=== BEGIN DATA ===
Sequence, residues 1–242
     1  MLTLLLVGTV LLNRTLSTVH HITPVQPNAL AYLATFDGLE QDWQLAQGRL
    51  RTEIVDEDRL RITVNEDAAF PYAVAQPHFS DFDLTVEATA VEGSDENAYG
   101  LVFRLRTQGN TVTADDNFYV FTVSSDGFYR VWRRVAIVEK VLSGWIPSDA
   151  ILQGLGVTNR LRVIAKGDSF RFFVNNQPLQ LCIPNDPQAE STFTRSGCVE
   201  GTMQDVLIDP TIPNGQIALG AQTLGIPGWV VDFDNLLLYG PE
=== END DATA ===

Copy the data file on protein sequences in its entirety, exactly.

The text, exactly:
Sequence, residues 1–242
     1  MLTLLLVGTV LLNRTLSTVH HITPVQPNAL AYLATFDGLE QDWQLAQGRL
    51  RTEIVDEDRL RITVNEDAAF PYAVAQPHFS DFDLTVEATA VEGSDENAYG
   101  LVFRLRTQGN TVTADDNFYV FTVSSDGFYR VWRRVAIVEK VLSGWIPSDA
   151  ILQGLGVTNR LRVIAKGDSF RFFVNNQPLQ LCIPNDPQAE STFTRSGCVE
   201  GTMQDVLIDP TIPNGQIALG AQTLGIPGWV VDFDNLLLYG PE